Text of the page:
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The C-Suite & Newton

by | Mar 10, 2020 | News Release

Creating alignment between culture and strategy isn’t easy. Outside threats and unforeseen forces often disrupt organization effectiveness. When this happens, the C-Suite typically begins to vet consultants, hires new employees who have the desired skillset, and schedules employees for training. This course of action will result in visible changes, but generally, at disappointingly low levels.

Why does this happen?

We underestimate the pervasiveness or sheer mass of organizational culture; it’s only when we add up the components that we can start to understand its true size. It can be found in how we communicate with each other and customers, how we reward or penalize performance, how we measure success, view breaks or vacations, and spend our out-of-work time, etc.

How do Newton’s Laws of Motion apply?

1st Law (Objects in motion stays in motion until acted on by an outside force) The C-Suite identifies an outside force and pushes for changed strategy and new goals in response
2nd Law (Acceleration depends on mass of the object and the amount of force applied) Senior leaders implement strategy designed to limits friction and has the energy required to begin moving culture in a positive direction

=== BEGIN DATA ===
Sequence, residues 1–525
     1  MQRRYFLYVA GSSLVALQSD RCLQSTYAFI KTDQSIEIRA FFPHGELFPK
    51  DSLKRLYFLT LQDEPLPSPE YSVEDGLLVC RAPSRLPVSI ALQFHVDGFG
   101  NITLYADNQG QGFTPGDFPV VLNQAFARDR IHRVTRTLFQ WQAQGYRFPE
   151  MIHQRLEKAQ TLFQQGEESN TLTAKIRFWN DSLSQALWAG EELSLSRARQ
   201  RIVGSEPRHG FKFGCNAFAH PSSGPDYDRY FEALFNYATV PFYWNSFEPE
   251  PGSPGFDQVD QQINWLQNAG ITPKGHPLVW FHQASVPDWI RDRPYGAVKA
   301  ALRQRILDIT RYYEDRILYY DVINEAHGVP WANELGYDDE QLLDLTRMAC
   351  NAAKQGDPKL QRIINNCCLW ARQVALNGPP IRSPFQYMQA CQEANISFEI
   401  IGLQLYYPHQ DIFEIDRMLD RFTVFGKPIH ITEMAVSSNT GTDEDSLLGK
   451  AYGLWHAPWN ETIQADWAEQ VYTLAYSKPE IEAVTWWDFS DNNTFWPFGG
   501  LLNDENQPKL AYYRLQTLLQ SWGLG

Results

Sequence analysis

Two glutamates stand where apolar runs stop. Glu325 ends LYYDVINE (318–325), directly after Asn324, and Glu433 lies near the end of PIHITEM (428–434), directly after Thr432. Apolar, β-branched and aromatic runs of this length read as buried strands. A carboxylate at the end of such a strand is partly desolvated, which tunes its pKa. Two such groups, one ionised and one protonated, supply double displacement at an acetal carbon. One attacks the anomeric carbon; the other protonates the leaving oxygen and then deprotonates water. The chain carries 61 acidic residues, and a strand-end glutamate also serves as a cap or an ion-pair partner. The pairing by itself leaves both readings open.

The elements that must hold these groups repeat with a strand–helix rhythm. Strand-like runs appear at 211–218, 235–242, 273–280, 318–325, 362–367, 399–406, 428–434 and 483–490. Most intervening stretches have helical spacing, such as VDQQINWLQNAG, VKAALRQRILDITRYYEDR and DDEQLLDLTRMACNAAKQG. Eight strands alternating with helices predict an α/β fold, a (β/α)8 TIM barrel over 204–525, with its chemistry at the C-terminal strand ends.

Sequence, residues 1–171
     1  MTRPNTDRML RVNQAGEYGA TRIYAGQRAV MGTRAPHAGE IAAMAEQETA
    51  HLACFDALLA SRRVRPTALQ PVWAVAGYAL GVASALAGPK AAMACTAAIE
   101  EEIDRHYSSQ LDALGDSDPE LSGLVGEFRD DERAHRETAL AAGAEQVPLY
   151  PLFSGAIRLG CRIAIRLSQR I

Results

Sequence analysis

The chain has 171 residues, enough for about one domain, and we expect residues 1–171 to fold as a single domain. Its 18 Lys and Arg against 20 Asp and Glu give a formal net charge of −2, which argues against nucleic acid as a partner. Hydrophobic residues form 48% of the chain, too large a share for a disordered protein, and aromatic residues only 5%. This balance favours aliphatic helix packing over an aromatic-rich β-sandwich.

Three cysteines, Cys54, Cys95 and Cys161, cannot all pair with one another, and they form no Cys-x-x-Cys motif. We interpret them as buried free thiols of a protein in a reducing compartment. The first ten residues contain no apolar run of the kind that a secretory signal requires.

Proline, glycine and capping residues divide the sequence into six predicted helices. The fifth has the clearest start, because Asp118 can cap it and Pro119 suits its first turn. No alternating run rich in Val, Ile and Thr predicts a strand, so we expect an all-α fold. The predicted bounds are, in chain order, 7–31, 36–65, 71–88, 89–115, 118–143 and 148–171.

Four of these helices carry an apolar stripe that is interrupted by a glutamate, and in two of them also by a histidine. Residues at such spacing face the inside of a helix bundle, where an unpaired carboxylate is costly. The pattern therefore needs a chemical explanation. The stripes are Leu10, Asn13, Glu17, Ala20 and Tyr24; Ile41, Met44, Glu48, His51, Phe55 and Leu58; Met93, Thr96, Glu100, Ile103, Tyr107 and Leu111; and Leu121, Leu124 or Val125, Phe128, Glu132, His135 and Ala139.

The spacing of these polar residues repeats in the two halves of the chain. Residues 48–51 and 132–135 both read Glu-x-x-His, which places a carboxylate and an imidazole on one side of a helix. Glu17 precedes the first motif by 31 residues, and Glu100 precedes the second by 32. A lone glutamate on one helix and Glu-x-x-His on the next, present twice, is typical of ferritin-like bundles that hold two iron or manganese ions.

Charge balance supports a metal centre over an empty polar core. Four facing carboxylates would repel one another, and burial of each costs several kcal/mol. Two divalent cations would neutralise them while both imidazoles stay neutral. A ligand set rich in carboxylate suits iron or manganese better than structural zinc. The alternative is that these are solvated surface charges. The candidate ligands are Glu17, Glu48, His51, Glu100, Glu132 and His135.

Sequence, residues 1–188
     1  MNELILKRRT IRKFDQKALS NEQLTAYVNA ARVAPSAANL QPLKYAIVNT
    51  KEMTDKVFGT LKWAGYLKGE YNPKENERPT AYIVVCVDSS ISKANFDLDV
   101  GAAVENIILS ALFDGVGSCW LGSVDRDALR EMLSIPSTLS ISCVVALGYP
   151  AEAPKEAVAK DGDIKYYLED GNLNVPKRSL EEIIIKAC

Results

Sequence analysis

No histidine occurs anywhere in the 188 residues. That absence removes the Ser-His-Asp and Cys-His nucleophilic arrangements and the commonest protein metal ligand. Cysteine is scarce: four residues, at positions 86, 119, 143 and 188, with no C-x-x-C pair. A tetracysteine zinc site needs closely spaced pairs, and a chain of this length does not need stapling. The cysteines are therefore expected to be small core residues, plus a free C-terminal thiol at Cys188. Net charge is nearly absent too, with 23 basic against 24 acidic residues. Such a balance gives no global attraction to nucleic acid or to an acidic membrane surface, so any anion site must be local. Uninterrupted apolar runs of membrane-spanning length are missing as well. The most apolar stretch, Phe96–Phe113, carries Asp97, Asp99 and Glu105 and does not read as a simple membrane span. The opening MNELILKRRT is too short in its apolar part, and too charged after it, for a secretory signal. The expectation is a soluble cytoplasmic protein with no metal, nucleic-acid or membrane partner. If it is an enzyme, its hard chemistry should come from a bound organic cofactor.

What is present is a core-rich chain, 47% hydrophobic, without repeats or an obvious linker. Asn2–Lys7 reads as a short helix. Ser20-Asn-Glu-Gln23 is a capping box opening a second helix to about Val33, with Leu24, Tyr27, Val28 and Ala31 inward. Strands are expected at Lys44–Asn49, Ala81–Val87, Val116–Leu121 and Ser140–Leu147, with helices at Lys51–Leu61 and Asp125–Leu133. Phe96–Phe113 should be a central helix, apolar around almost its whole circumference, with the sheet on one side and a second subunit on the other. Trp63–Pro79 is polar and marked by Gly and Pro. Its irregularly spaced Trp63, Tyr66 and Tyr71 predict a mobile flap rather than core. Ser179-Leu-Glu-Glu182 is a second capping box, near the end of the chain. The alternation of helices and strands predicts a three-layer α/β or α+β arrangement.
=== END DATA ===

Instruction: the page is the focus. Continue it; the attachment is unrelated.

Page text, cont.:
3rd Law (Every action has an equal and opposite reaction) The old strategy may limit friction and build momentum; the new strategy could cause the culture to push back with equal force
What actions can the C-Suite take to ensure that their strategy is enough to create sustained change?

  • Engage in the cultivation of curriculum and intentionally find ways to align goals with content
    Consider tracking more than just result goals; track activities and behaviors as well.
  • Reward positive behaviors and minimize negative ones. C-Suite leaders must be overt about this. Share what you see/hear and why you love it. Use key words that match your strategy and align with your goals.
  • Build skill practice into meetings. Just 10 minutes of practice led by a senior leader is enough to reinforce behaviors taught in the classroom.
  • Be an active participant in training
  • Demonstrate to your team the importance of training; if you are willing to prioritize training, your direct reports will do the same.
  • Reduce the intimidation factor by sharing your wisdom and hearing their concerns.

A Center for Practical Management consultant can help guide you in these areas, ensuring that you have the information you need to build sustainable momentum and culture change.

Center for Practical Management helps companies achieve organizational goals and behavioral change initiatives through tailored consulting services, leadership coaching, employee skills training and marketing services. Learn more at www.cf-pm.com.

Center for Practical Management helps companies achieve organizational goals and behavioral change initiatives through tailored consulting services, leadership coaching, employee skills training and marketing services. Learn more at www.cf-pm.com